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Ghostwritten by David Mitchell

ghostwritten

I’m just going to go ahead and acknowledge that David Mitchell can do no wrong in my eyes. At the risk of sounding like a broken record, I love his writing and, by extension, I love him. Many of you know that after reading Cloud Atlas I had avoided reading his other books because I didn’t want to be disappointed. My co-blogger Book Worm convinced me to keep going, however, and I’m glad she did. Here’s what I thought of Ghostwritten:

Ghostwritten by David Mitchell
First published in: 1999
Reviewed by: Jen
Rating: 4.5 stars
Find it/buy it here: Ghostwritten

Ghostwritten is David Mitchell’s debut novel. In typical Mitchell style, it is comprised of several intersecting narratives that build upon each other to create a stunningly original and complex work. The novel consists of 10 chapters that read like short stories but that are connected in such a way that each progressive chapter contributes to a greater understanding of the conclusion. Chapters takes their titles from the location in which they are set and each one presents a different character and viewpoint. We follow the stories of a terrorist cult member in Okinawa, a record shop salesman in Tokyo, a corrupt British financial lawyer in Hong Kong, a female owner of a tea shack in China, a non-corporeal entity in Mongolia, an art thief in Petersburg, a musician in London, a female physicist in Ireland, and a late-night jazz DJ in New York who is broadcasting the potential end of the world. The final chapter then returns to the point of view of one of the original nine characters from the preceding chapters.

There are threads throughout each story that link the lives of the book’s various characters. These threads start to come together in greater frequency as we move toward the conclusion when some (but by no means all) questions are answered. The novel is a blend of genres and while some chapters seem bizarre, they are grounded in the plausible.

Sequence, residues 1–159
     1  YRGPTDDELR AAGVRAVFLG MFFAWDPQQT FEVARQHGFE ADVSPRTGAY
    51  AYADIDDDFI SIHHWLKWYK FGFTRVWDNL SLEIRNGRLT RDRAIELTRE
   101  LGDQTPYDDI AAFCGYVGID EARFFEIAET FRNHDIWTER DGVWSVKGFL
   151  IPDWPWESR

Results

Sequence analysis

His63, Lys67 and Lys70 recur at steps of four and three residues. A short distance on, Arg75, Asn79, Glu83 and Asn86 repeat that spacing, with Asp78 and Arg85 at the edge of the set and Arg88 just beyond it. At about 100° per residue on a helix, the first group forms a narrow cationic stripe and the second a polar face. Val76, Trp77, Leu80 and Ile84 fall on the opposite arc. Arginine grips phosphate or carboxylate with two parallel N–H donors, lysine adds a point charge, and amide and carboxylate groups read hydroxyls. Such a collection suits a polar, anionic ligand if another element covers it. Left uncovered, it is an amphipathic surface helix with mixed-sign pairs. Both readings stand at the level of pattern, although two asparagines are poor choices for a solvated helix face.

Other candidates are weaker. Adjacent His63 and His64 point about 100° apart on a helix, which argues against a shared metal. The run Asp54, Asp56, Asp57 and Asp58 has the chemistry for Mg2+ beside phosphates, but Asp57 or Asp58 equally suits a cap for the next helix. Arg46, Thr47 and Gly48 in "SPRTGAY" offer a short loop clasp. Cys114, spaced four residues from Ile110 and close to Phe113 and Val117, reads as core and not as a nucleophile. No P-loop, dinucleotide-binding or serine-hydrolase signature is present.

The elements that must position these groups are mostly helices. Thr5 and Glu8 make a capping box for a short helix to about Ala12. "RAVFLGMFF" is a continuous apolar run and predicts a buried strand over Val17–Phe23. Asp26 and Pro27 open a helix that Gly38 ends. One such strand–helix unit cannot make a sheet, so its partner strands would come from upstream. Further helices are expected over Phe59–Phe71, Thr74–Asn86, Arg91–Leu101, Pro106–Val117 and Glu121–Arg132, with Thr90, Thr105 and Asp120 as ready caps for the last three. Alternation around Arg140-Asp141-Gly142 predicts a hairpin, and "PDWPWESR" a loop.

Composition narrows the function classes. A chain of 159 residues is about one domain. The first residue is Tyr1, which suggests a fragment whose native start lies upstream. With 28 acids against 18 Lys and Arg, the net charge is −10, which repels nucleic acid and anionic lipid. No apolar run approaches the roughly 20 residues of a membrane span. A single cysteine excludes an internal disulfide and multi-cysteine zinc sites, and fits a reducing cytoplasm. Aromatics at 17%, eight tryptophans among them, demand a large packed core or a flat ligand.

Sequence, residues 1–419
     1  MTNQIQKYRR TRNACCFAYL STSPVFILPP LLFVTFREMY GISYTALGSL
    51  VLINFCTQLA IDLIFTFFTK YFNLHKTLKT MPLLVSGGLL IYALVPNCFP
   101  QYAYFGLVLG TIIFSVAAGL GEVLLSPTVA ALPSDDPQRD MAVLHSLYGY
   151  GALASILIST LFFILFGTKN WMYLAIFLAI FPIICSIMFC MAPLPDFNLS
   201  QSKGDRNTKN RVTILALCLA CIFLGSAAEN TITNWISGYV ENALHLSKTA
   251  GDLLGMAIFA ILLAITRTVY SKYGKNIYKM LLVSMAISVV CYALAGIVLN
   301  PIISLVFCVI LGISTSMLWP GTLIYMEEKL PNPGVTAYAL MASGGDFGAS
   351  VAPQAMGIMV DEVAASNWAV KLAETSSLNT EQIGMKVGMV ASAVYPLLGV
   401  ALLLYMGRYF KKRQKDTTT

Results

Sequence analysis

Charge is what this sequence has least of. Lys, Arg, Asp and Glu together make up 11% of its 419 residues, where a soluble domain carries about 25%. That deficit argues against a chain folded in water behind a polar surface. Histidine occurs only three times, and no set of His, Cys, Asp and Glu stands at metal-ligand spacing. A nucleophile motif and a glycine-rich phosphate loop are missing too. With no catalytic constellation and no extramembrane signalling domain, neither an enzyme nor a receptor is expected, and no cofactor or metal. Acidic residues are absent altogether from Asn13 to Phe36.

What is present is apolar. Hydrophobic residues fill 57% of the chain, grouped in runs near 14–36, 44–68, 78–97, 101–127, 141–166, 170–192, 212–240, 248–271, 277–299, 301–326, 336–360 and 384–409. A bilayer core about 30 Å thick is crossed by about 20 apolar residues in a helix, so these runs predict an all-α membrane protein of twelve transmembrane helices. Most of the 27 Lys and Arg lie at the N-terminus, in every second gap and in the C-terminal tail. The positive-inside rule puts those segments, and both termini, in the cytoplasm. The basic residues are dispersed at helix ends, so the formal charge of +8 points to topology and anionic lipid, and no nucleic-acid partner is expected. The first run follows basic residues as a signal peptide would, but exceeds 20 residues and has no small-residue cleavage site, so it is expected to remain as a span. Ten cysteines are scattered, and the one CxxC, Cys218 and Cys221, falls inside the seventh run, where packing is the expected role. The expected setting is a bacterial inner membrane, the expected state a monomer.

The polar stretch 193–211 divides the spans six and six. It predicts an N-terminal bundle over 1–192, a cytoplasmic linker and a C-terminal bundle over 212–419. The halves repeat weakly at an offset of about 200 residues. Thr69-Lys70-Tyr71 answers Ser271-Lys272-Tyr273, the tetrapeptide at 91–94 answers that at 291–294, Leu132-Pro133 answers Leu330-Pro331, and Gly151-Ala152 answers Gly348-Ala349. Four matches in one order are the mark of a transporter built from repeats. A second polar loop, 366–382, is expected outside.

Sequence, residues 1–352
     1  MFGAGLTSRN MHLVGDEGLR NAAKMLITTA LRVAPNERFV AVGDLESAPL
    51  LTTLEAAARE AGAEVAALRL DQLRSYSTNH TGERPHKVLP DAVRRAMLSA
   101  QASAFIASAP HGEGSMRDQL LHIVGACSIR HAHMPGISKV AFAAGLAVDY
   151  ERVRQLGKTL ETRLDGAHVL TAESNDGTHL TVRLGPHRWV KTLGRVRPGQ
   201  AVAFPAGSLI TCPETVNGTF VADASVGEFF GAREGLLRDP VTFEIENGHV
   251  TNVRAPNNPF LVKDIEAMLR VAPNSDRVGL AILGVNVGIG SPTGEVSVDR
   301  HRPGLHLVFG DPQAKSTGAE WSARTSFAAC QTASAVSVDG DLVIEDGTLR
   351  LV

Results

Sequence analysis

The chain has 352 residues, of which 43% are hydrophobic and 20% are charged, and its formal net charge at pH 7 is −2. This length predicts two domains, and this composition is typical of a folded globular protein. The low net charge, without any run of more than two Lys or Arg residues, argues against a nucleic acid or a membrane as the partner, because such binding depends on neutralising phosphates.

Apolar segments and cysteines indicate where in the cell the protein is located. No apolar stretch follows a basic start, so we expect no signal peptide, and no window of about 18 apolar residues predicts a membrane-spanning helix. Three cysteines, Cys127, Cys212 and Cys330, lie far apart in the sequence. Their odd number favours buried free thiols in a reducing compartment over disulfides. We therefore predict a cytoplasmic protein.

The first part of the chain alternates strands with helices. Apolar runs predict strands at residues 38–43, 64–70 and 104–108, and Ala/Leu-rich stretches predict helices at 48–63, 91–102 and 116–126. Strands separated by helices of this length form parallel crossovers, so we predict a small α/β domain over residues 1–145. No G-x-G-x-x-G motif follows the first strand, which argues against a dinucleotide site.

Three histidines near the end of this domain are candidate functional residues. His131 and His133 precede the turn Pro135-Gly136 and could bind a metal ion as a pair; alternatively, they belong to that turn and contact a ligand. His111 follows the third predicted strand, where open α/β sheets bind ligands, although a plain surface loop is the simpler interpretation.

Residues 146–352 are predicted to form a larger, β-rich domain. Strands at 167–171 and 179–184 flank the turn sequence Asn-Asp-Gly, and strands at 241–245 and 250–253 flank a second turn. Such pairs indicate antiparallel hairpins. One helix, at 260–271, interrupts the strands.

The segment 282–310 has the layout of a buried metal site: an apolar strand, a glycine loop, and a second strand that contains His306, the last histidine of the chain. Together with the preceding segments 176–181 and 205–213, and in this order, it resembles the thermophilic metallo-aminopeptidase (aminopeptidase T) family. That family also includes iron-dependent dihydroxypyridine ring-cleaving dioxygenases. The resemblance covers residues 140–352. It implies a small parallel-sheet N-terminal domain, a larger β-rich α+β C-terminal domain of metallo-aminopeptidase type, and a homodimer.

Ghostwritten is now my second favorite of his books after Cloud Atlas. The two are actually fairly similar, although Cloud Atlas is more ambitious for its alternating time periods – time in this book moves forward chronologically (with a few exceptions). It’s hard to believe that this is a debut novel because it is so complex and well-developed. I love Mitchell (have I mentioned that already?) for the ways in which he develops rich characters and complicated plots. He is one of the few authors I have come across that has been able to write characters of different genders, ages, and nationalities in a completely genuine and believable way.

Reading this book is like trying to piece together a puzzle. It’s an experience. The writing is fabulous the details connecting his narrative threads are pure genius. As we’ve mentioned previously, Mitchell views his various books as pieces of a larger work. Several Cloud Atlas characters make their first appearance in this novel (I’ll leave it to you to find out which ones but one of my favorite Cloud Atlas characters shows up here). Now that I’ve read several (Thousand Autumns, Bone Clocks, Cloud Atlas and Slade House), I can see some of the threads that are running throughout the novels indicating that each novel may be a chapter in a larger work.

But what is it about, you ask? It can be hard to summarize the plot of a Mitchell novel. There is a passage in Ghostwritten where a young woman is reading War and Peace and a character from a later chapter asks her what the novel is about. It goes like this:

Why things happen the way they do,” the girl, who’s Australian, blandly replies. “And why do things happen the way they do?” the Dane persists. (He thinks she’s cute.) “I don’t know, yet,” she says. “It’s very long.”

Ghostwritten (and his other novels) is about why things happen they way they do. It is about people, ordinary and extraordinary, good and evil and how their lives are connected. And finally, it’s about chance versus fate and how seemingly random events are important and lead to significant occurances.

First sentence: Who was blowing on the nape of my neck?